Brookings

Rollback of the FCC’s Lifeline program can hurt households that need broadband the most

On Nov 16, the Federal Communications Commission released a ‘re-think’ of the Lifeline program. The FCC decision focuses squarely on prior criticisms, and plans to scale back the $2.25 billion annual program in three important ways.

Should big technology companies break up or break open?

There can be little doubt that the major digital companies have gained a level of economic control akin to the industrial barons of the Gilded Age.

Mark Zuckerberg’s call for internet rules only goes part way

Facebook CEO Mark Zuckerberg’s call for new rules for the Internet is a start. The four proposals he makes open the door to a meaningful discussion about the effects of internet capitalism.

The tragedy of tech companies: Getting the regulation they want

American technology companies today find themselves in a conundrum Oscar Wilde identified: “There are only two tragedies in life: one is not getting what one wants, and the other is getting it.” The tech companies—both networks and the platform se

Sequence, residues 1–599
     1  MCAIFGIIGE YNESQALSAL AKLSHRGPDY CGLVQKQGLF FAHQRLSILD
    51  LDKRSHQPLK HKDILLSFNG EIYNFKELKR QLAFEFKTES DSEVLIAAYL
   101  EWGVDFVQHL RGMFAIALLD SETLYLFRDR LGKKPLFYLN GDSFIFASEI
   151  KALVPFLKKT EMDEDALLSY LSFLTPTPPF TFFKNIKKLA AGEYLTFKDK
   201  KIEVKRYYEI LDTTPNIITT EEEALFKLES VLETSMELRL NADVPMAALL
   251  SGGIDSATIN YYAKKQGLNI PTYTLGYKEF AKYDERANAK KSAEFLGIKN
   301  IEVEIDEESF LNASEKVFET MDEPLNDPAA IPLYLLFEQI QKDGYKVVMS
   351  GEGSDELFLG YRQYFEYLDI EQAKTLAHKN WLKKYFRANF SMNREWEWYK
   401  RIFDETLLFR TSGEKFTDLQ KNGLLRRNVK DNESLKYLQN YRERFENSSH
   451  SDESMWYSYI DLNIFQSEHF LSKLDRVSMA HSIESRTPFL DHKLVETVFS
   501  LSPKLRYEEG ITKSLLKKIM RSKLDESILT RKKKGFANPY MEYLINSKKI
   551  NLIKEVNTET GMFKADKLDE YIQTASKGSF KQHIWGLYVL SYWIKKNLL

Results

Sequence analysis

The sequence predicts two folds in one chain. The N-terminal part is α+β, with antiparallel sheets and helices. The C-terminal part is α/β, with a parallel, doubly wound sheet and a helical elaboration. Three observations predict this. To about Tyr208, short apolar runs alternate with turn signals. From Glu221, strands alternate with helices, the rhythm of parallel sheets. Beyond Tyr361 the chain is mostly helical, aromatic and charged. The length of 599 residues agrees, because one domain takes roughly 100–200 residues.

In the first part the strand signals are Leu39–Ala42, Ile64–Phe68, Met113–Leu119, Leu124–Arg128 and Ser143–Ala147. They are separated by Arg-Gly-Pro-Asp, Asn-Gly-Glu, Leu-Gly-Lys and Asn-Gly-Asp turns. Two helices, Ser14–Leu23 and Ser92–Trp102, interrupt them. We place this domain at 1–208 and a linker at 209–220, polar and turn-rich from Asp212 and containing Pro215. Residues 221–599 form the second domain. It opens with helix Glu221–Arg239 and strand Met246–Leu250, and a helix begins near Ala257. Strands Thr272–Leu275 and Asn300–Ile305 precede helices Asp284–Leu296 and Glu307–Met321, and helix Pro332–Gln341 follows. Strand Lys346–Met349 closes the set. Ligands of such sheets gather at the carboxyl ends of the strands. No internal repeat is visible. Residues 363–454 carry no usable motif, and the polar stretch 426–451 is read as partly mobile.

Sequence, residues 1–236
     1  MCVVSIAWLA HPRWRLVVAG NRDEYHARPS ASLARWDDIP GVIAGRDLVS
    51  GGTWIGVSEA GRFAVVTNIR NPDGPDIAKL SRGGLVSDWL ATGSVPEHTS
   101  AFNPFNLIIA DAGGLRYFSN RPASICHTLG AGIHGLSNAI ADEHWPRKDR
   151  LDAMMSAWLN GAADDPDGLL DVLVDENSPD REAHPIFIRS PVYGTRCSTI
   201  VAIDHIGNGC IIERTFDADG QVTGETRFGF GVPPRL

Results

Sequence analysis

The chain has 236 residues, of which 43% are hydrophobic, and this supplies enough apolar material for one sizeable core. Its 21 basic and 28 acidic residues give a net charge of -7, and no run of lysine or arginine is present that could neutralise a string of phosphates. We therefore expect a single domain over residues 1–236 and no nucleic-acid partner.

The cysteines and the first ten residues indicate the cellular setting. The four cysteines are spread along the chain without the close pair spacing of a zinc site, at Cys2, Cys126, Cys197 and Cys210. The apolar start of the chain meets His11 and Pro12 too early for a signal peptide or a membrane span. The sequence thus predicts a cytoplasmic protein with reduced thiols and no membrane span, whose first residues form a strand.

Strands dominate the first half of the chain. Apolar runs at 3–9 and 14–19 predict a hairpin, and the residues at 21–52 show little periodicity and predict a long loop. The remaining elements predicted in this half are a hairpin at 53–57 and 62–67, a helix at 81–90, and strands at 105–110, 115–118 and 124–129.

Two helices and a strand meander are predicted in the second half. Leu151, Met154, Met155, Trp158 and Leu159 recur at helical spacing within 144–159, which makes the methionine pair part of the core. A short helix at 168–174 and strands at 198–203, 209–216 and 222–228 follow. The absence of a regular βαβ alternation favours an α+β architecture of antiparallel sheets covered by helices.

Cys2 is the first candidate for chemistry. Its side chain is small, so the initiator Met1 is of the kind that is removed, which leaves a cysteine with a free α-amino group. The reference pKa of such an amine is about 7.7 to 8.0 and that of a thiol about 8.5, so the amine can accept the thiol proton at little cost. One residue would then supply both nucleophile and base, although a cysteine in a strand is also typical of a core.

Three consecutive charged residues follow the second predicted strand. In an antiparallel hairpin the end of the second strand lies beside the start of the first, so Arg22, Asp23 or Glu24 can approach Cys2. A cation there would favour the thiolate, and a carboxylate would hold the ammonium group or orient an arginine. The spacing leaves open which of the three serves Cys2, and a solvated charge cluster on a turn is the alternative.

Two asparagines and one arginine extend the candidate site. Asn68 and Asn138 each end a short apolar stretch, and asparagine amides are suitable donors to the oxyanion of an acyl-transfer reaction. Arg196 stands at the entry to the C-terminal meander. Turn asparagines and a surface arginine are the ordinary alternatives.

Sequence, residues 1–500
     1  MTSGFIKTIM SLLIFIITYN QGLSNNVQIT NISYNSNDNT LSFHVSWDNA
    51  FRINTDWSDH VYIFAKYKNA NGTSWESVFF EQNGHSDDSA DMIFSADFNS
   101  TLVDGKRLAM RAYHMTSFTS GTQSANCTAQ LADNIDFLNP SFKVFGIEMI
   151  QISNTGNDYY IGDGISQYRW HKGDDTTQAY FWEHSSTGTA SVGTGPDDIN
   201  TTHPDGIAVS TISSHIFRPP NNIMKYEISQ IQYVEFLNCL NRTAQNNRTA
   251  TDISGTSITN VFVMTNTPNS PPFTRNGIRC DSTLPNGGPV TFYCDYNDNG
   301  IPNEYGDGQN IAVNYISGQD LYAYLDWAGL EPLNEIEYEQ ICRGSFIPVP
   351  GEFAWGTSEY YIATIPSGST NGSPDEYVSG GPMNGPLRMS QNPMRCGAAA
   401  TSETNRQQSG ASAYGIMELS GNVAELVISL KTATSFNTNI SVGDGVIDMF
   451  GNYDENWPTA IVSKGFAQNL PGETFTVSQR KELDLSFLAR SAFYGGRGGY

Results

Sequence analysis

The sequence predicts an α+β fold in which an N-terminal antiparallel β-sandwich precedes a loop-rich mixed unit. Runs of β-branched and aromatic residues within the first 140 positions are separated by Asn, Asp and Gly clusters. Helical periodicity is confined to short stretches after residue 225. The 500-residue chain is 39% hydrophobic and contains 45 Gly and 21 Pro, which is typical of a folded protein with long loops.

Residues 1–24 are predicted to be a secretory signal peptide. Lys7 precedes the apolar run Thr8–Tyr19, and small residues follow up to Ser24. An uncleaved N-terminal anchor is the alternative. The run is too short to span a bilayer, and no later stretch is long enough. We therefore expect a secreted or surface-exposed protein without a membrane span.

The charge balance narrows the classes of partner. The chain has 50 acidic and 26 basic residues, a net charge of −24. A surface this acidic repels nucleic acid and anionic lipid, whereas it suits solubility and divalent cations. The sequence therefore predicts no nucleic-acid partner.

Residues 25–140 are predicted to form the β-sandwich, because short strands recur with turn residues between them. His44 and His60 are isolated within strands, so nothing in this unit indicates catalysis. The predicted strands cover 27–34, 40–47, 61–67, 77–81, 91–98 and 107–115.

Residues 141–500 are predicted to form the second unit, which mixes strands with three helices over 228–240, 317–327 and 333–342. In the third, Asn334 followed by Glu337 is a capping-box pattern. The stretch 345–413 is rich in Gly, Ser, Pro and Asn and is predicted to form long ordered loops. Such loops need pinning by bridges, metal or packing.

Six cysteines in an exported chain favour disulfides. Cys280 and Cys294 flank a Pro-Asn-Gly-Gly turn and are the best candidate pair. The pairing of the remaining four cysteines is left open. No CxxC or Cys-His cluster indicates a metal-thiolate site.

A broadband agenda for the (eventual) infrastructure bill

What should be the broadband agenda for infrastructure legislation? Here are some key principles.

Breaking down proposals for privacy legislation: How do they regulate?

Several of the draft bills related to privacy in the 116th Congress present concrete signs of an emerging shift in the underlying model for privacy regulation in the current discussion, from one based on consumer choice to another focused on busin

A Democratic agenda for regulating tech: Follow the Republican Roosevelt

With Democrats in control of the House of Representatives, at least one chamber of Congress could be poised to meaningfully update consumer and competition protection rules for the internet age.

Mayors or the FCC: Who understands the broadband needs of metropolitan residents?

Who would Americans trust to best understand the broadband-related interests of the residents of a city: its mayor, or the head of the Federal Communications Commission?